A “Wicked Stepmother” of the Book World

If I Have a Wicked Stepmother, Where’s My Prince?
Melissa Kantor

I love Melissa Kantor. She’s one of my favourite YA authors. Some of her novels, like Girlfriend Material and Confessions of a Not It Girl, don’t even sit on my shelf anymore because I read them so much. She has a knack for getting that teen girl voice down and keeping it, something some YA authors have trouble with.

That said, I decided I’d read If I Have a Wicked Stepmother, Where’s My Prince? I love Cinderella as much as any girl, and modernizations of fairy tales fill my bookshelf…and my flash drive. How bad could it be, right?

Wrong. As stated before, I love Melissa Kantor, and mean her no disrespect. But my personal opinion is that this book is better left unread.

Let me start with the meat and bones: the plot. Basically, this plot is as contrived as you can get.
-Teen Girl feels invisible.
-Popular Boy notices Teen Girl, and suddenly Teen Girl skyrockets to popularity.
-Teen Girl develops friendship with Artsy Boy, whom Popular Friends scorn.
-Ex-Girlfriend wants Popular Boy back.
-Teen Girl has family drama, but still fixes it.
-Teen Girl and Popular Boy go to the prom, but Teen Girl doesn’t feel things are right with Popular Boy.
-Popular Boy gets back together with Ex-Girlfriend, and Teen Girl realizes her deep, undying love for Artsy Boy, who is conveniently single now.
-All live happily ever after, the end.
Now, a few plot twists were thrown in. Artsy Boy has a girlfriend when Teen Girl first starts to notice him–and his girlfriend is Ex-Girlfriend’s best friend (read: cronie). And the Popular Friends remain Teen Girl’s friends after her breakup with Popular Boy. Otherwise, this is all something I’ve read before. A thousand times. The second Artsy Boy was introduced, I realized, “She’s going to date Popular Boy (the first guy mentioned) and end up with Artsy Boy (second boy mentioned).”
Another plot bunny (as we fanfic folk call it) is Teen Girl’s struggles with her “Evil Stepmother.” Said stepmother apparently refuses to furnish Teen Girl’s basement bedroom, relegating the room to a dungeon-like status, and then kvetches about the mess in the room. And every once in a while, they shop for furniture. But Kantor keeps revisiting the room issue, and in the words of Alex Day (YouTube series “Alex Reads Twilight.” WATCH IT. Especially if you don’t like Twilight.), “It’s like a subplot, only I don’t really care.” But in the end, Teen Girl’s father and stepmother buy her a lovely easel that she loves and promise a bedroom set soon.  And Teen Girl even saves her stepsisters’ butts, so they love her, too. Didn’t see that one coming. *NOTE: Heavy sarcasm.*

And moving on, the characters: Lucy, aka Teen Girl, is every teen girl rolled into one. She’s athletic and artsy, loves her dad and misses her mom, and goes shopping with her friends. I expect to see her in Rebecca Black’s “Friday” video. She’s also unknowingly coy, witty and lovable.
Connor, aka Popular Boy, is the athlete who doesn’t seem like he treats his girlfriend like dirt, but he does, unbeknownst to her or even him sometimes.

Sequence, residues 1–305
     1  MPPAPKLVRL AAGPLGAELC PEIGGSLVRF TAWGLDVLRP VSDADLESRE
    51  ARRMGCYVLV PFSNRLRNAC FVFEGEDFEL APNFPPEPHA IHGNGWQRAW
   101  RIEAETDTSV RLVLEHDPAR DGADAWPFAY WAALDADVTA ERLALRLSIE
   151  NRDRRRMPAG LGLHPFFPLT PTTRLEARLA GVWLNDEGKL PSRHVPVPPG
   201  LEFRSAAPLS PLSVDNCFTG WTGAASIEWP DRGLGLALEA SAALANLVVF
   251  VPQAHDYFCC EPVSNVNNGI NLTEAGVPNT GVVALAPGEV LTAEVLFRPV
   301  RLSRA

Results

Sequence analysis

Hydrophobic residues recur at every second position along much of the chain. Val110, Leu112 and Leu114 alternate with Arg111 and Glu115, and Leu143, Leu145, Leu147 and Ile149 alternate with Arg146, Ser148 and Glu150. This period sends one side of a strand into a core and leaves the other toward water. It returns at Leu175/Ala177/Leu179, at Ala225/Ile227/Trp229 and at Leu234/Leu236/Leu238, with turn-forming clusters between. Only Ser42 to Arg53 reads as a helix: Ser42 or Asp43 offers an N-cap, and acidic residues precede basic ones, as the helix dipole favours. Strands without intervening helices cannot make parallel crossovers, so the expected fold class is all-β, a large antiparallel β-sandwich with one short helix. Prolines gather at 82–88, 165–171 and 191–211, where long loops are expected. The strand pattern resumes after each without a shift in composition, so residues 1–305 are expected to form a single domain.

Jessica and Madison, aka Popular Friends, have no depth, shop a lot, and enjoy Daddy’s credit card and their cell phones. They shorten words like “whatever” to “whatevs” because it’s obviously too much work to say the extra syllable.
The Princesses, aka the stepsisters, are little brats who end up having a heart of gold. Who knew? (I did, by the way.)
Mara, aka the stepmother, is a fire-breathing dragon who’s apparently hyper-sensitive. Lucy warns us that everything she does either hurts Mara’s feelings or is dangerously close to hurting Mara’s feelings. I’m also pretty sure it says Maura somewhere in the book.
Sam, aka Artsy Boy, is stoic and doesn’t like school events (read: the prom). He nervously asks Lucy to be his girlfriend in the end, and they engage in some witty repartee. *NOTE: more heavy sarcasm*
Lucy’s father is absent or distant, and only cares about his wife. Jessica and Madison have goon boyfriends who enjoy the pleasure of Connor’s company. And I can’t remember Connor’s ex-girlfriend’s name or her friend’s cronie’s.
My problems with this book:
-The “subplot”: NO ONE CARES THAT YOU HAVE NO FURNITURE. STOP WHINING. MOVE ON.
-The language: Note to my generation (sadly): “whatevs” is NOT a word. Nor is “b-t-dubs” a complete saying. “By the way” is also three syllables. Say it.
-The plot: SO CONTRIVED. What, was the idea machine low on batteries?
   teen-parent relationship: The way her father and stepmother are written…irks me. Pretty severely. I find them two-dimensional at best. Her stepmother is evil incarnate, not to mention totally unreasonable. And, yes, this is supposed to make me sympathetic to Lucy’s plight, but how am I supposed to sympathise with someone who can’t even seem to try to sympathise with her stepmother? And her father is also painted as unreasonable, someone who doesn’t even bother to pretend to listen to his daughter. Again, this does not make me sympathise, it makes me want to throw the book into my trash compactor. The parents are completely unreal, and it makes their turnaround in the end COMPLETELY unbelievable.

I hated this book. I DO NOT recommend it. Not even to my worst enemy. I felt my brain cells slowly die while reading it. Sorry, Melissa Kantor, but this one was NOT your finest.

Kantor, Melissa. If I Have a Wicked Stepmother, Where’s My Prince? New York: Hyperion, 2005. Print.
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